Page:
Thanksgiving

How to Keep Politics Away From the Thanksgiving Table

One therapist said she would highly encourage people not to bring politics to the holidays

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As people prepare to welcome family for the holiday, some are already plotting how to keep peace at the table. 

"People have their opinions and I feel like you just need to agree to disagree or it will cause a lot of problems," Ashley Almeder of Weymouth said.

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Which, according to psychotherapist Anita Astley, means there’s one topic you may want to avoid.  

“I highly encourage people not to bring politics to the Thanksgiving table," she said.

Astley knows for some people that can be difficult.

“They can’t help themselves because we are bombarded with it, in social media, in the news, everywhere. There’s no escaping it.”

And for some families, the topic can be dangerous.  

“My brother-in-law‘s on the other side of the fence…The Trump side," Sandy Roedel of Cambridge said.

"I’m very conservative and my kids are all very liberal. So it wouldn’t make for a good conversation, Richard Lockhead of Quincy said.

“Everything really is about like Trump versus Biden versus like conspiracy theories," MIT student Jade Hawkesworth added.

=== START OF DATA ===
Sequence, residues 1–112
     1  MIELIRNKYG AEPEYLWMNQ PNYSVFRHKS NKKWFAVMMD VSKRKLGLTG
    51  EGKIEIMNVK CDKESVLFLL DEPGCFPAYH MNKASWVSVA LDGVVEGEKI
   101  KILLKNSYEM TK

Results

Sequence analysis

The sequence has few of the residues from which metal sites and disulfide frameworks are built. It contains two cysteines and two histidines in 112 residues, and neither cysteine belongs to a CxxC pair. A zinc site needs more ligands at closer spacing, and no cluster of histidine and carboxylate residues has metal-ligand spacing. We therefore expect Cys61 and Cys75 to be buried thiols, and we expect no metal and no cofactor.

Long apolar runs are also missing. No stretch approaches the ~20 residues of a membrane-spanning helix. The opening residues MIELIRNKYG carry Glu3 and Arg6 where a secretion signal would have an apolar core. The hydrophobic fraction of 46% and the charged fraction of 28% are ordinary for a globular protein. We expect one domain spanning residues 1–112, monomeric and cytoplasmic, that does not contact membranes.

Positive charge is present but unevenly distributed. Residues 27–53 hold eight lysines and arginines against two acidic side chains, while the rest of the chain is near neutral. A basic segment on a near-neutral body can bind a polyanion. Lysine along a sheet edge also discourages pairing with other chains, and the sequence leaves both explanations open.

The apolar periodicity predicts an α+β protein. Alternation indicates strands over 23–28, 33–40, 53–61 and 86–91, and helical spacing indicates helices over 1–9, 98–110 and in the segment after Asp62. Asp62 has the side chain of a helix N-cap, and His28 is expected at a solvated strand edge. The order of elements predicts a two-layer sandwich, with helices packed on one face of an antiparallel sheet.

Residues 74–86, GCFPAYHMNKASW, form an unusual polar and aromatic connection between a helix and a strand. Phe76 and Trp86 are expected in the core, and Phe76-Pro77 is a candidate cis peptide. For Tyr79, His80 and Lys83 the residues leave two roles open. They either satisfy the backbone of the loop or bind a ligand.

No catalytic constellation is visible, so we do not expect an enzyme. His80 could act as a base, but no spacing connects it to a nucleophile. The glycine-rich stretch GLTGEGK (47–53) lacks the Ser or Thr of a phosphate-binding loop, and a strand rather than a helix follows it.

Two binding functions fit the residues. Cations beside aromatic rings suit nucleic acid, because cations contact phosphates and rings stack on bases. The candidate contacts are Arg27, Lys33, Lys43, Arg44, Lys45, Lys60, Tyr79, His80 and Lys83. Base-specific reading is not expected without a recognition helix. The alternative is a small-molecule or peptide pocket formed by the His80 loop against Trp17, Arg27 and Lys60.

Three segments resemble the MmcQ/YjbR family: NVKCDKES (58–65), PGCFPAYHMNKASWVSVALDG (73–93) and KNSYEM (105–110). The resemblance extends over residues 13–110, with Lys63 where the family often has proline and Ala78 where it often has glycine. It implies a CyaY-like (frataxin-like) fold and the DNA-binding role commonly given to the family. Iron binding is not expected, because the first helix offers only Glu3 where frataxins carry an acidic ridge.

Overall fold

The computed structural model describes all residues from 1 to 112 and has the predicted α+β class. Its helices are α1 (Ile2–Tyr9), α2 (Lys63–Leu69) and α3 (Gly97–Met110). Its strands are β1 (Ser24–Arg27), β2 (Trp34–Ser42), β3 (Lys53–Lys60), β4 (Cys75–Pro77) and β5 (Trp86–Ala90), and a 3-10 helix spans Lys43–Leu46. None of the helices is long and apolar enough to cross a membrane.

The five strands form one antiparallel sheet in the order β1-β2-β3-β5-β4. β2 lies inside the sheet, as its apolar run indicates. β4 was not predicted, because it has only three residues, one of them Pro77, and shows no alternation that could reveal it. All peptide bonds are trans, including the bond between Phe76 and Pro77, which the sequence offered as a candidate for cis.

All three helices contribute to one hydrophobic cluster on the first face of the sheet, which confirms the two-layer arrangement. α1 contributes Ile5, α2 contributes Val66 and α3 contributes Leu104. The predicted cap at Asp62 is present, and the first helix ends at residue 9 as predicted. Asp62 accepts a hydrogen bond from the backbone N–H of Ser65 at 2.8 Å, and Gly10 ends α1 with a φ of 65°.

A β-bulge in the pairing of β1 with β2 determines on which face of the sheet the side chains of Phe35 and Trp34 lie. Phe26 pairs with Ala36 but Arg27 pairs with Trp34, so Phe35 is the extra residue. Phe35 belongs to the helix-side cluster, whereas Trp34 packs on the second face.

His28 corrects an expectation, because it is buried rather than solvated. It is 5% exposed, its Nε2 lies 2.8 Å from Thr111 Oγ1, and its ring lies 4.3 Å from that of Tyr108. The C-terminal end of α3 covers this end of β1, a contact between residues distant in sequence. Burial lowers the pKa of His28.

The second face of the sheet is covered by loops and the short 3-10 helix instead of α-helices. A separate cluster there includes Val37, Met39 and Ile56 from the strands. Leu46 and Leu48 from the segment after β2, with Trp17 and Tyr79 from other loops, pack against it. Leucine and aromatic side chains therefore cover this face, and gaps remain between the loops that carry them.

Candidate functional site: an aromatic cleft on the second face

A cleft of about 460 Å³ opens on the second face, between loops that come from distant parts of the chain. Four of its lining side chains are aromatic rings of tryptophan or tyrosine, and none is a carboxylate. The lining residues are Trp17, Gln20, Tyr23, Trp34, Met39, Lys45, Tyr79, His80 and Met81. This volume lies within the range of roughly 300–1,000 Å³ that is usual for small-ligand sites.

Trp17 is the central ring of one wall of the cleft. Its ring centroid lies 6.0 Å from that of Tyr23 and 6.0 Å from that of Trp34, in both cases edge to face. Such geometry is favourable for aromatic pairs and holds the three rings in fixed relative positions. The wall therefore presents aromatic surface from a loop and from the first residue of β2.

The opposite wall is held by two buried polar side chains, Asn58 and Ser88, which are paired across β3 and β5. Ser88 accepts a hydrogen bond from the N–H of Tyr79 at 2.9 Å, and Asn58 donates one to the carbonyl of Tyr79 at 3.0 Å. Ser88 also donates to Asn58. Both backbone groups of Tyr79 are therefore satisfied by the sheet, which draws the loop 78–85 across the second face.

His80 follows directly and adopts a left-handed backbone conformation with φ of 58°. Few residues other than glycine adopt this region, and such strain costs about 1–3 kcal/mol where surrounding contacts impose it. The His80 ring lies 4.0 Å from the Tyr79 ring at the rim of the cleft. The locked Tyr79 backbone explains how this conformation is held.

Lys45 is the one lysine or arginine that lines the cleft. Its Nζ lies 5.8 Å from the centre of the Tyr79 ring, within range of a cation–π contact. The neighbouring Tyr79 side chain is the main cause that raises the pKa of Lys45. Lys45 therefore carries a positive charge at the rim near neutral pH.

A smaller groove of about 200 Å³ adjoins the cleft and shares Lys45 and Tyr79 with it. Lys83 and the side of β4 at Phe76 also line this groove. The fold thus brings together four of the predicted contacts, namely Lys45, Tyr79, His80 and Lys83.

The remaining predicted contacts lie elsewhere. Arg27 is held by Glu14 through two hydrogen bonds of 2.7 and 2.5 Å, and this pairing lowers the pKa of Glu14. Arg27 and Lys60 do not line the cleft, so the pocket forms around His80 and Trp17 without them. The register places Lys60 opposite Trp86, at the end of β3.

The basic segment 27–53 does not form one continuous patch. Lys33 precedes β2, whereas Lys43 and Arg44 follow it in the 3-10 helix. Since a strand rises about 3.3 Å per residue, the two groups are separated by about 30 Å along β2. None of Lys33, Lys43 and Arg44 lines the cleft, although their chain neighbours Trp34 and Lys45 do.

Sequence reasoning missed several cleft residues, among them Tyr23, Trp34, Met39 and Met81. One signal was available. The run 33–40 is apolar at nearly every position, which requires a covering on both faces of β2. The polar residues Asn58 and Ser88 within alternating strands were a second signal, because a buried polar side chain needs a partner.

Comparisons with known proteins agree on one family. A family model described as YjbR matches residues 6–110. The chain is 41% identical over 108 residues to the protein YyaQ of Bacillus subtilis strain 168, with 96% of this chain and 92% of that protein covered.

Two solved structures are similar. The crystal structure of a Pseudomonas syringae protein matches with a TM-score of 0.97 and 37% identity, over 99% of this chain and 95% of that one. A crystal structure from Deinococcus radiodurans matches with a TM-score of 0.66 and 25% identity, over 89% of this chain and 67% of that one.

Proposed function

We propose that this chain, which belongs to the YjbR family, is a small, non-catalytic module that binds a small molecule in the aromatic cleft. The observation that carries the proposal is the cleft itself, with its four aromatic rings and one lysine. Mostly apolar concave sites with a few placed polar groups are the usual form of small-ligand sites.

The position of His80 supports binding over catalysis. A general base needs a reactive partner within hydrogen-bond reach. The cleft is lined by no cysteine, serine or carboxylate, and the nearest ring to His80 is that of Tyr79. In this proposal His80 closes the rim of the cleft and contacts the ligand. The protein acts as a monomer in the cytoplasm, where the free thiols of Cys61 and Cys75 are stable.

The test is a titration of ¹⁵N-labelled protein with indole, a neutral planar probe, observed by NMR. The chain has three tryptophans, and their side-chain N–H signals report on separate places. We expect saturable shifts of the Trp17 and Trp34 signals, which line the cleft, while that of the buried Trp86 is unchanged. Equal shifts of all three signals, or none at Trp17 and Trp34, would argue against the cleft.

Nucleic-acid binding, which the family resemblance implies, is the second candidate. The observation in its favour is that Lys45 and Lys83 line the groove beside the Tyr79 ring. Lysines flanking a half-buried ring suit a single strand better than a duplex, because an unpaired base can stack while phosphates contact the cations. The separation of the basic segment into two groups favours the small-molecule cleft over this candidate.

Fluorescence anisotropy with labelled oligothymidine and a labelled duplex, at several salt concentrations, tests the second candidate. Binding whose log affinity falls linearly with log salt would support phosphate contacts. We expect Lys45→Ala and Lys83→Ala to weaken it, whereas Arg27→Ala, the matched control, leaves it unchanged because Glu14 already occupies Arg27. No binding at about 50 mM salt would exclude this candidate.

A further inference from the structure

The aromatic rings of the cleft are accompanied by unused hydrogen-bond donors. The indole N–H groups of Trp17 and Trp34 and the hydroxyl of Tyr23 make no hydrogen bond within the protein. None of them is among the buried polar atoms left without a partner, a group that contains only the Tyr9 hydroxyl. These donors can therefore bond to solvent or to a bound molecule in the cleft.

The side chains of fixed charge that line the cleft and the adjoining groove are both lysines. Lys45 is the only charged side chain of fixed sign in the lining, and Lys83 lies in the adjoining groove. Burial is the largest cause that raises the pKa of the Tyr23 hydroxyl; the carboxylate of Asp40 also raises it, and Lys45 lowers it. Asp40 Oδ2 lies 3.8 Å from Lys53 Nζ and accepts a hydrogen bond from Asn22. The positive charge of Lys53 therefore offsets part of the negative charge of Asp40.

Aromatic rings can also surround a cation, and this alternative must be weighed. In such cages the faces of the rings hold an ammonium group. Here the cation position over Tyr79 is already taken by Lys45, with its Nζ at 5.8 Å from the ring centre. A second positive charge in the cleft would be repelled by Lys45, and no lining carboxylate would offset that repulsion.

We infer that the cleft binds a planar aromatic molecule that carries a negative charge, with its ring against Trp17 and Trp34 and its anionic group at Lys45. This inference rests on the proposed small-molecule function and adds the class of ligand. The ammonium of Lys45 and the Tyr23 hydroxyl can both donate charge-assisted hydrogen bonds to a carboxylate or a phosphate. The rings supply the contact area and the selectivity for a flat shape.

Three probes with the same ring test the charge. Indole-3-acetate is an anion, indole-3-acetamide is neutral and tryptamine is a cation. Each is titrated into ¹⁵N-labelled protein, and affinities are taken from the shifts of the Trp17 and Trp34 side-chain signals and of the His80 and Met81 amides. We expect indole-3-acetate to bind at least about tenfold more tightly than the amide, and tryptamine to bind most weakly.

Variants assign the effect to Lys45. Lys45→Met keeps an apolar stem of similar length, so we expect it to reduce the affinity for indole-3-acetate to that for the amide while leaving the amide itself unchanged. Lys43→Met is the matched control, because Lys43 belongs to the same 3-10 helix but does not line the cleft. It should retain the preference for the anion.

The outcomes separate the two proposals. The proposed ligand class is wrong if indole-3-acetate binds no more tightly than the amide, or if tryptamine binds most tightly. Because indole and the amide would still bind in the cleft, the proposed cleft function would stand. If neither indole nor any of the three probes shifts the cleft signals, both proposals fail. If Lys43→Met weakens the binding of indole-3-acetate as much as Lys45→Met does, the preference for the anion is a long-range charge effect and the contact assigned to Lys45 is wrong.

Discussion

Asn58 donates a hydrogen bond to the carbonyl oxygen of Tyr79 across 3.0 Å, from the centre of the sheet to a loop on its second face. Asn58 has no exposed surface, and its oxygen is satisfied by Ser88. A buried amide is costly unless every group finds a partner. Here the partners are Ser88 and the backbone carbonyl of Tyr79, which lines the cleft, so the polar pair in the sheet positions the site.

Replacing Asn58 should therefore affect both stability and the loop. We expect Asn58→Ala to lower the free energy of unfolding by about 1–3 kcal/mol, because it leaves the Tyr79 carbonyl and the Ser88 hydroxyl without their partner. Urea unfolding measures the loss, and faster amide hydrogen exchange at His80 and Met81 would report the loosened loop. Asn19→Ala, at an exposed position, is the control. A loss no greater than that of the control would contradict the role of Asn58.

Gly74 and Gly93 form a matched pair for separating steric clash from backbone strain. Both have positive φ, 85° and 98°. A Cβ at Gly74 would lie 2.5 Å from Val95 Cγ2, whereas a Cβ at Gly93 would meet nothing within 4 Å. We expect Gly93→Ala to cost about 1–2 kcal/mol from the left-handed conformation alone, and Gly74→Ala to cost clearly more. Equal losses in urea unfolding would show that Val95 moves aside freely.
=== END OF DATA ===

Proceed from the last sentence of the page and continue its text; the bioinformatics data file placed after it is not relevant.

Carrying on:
For those who can’t help themselves, Astley said, “Be direct. They’ll be no political conversation at the table.”

And she added, deflection is a great strategy.

“Totally go in a direction  by saying, “‘Hey I really like that blouse you’re wearing.’”

Not every family needs to avoid politics. 

“We are a fortunate group where I think most of us are in broad agreement on the big issues," David Kantrowitz of Boston said.

“With my family, we don’t need politics, we have enough stuff to argue about," Les Medley of New York City said.

Others believe the holiday table should just be a no-politics zone. 

“Why take the opportunity to kind of cause tension when you should just be thankful for the time that you have with them?" Grace Burleson of Essex, Connecticut asked.

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